NCEL 425: DEVELOPING LISTENING & SPEAKING SKILLS
Foothill College Course Outline of Record
|Effective Term:||Fall 2021|
|Hours:||10 lecture per week (120 total per quarter)|
|Advisory:||NCEL 413 or higher.|
|Degree & Credit Status:||Non-Degree-Applicable Non-Credit Course
Basic Skills, 4 Levels Below Transfer
|Grade Type:||Non-Credit Course (Receives no Grade)|
Student Learning Outcomes
- Respond to varied types of aural input (instructions, telephone messages, conversations, short talks).
- Produce comprehensible spoken language in social interactions, class discussions, and presentations.
The student will be able to:
A. demonstrate comprehension of literal and implied meaning in listening tasks, e.g., instructions, directions, telephone messages, conversations, and short talks on familiar topics, using various types of responses (speaking and writing)
B. recognize basic patterns of stress and intonation in English (listening)
C. reproduce basic stress and intonation patterns of spoken English to aid in comprehensible pronunciation/speech (speaking)
D. produce comprehensible spoken language in social interactions, class discussions, and presentations
A. Demonstrate comprehension of literal and implied meaning in listening tasks
1. Literal meaning
a. Main ideas
b. Supporting details
2. Inferred meaning
a. Context clues
b. Speaker’s tone
c. Non-verbal cues
B. Recognize basic patterns of stress and intonation in English
1. Recognize basic stress and intonation patterns of spoken English to aid in comprehension
a. Listening for number of syllables
b. Listening for stressed syllables
c. Listening for grammatical signals at the ends of words, e.g., /s/, /d/
d. Listening for elisions
e. Listening for intonational features
2. Identify connections between speech and writing, e.g., learning sound-spelling correspondences
a. Silent "e" (can vs. cane)
b. Send vs. sent
C. Reproduce basic stress and intonation patterns of spoken English to aid in comprehensible pronunciation/speech
1. Using appropriate number of syllables in words
2. Pronouncing final syllables of words, especially syllables that show grammatical endings, e.g., plurality, possession, tense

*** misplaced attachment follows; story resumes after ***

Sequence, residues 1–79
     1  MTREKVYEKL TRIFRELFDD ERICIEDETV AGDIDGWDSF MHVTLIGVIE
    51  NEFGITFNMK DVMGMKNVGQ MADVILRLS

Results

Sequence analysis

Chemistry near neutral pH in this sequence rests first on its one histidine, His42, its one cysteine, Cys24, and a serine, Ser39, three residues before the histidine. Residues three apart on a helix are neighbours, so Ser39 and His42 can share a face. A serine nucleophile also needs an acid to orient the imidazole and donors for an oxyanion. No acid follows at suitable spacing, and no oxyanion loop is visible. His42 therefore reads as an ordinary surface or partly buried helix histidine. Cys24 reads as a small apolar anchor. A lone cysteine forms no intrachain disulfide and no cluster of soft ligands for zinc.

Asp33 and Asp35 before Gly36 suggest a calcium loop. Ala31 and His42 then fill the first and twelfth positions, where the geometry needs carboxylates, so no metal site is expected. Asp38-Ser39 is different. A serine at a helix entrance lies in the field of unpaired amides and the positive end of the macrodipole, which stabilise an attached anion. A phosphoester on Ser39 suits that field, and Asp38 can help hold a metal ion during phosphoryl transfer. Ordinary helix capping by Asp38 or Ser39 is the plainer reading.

3. Placing stress on the appropriate syllable of words
4. Placing sentence stress appropriately in common phrases to focus, emphasize, contrast
5. Using intonation appropriately
6. Speaking in appropriate phrases and not only single one-word sentences
D. Produce comprehensible spoken language in social interactions, class discussions, and presentations
1. Speech acts common to discussions and conversations, e.g., compliments, criticism, advice and giving (multi-step) directions
2. Common interruption words and turn-taking
3. Common idioms
4. Levels of formality (register) in conversation/discussions
a. Apply conversation strategies to participate in “small talk”
1) Responding appropriately in conversations
2) Initiating conversations
3) Sustaining conversations
4) Closing conversations
b. Demonstrate phone skills
1) Calls for information
2) Calls for personal and business purposes
3) Leaving appropriate voicemail messages
5. Participating in class activities:
a. Clarification--negotiation for meaning strategies (e.g., asking for clarification, repetition and specific information)
c. Expressing opinions with support
g. Reporting out from group discussions to the class
Special Facilities and/or Equipment
B. When taught via Foothill Global Access, ongoing access to computer with email software and capabilities and current internet browser, email address.
Method(s) of Evaluation
A. Communicative, contextualized in-class assignments
C. Oral and written production of extended discourse
F. Presentations (individual and group)
Method(s) of Instruction
Lecture, discussion, oral presentations, demonstration.
Representative Text(s) and Other Materials
Instructors must choose a textbook from the list below. If, however, a faculty member would prefer to use a textbook not on the list, he or she must contact a full-time faculty member who regularly teaches the course to explain how the adoption would serve to achieve the learning outcomes specified in the course outline of record.
Sarosy, Peg, and Kathy Sherak. Lecture Ready 1: Strategies for Academic Listening, Note-Taking, Discussion. 2nd ed. NY: Oxford University Press, 2013.
Mills, Robin, and Laurie Frazier. NorthStar Listening and Speaking 2. 4th ed. NY: Pearson, 2014.
Instructors should select one of the following recommended pronunciation texts:
Beisbier, Beverly. Sounds Great: Intermediate Pronunciation and Speaking for Learners of English. Book 2. Boston, MA: Heinle & Heinle, 1994.
Gilbert, Judy. Clear Speech From the Start. 2nd ed. NY: Cambridge, 2012.
Types and/or Examples of Required Reading, Writing, and Outside of Class Assignments
A. Readings in the text and other sources.
B. Writing to support listening and speaking activities.
C. Recording pronunciation tasks.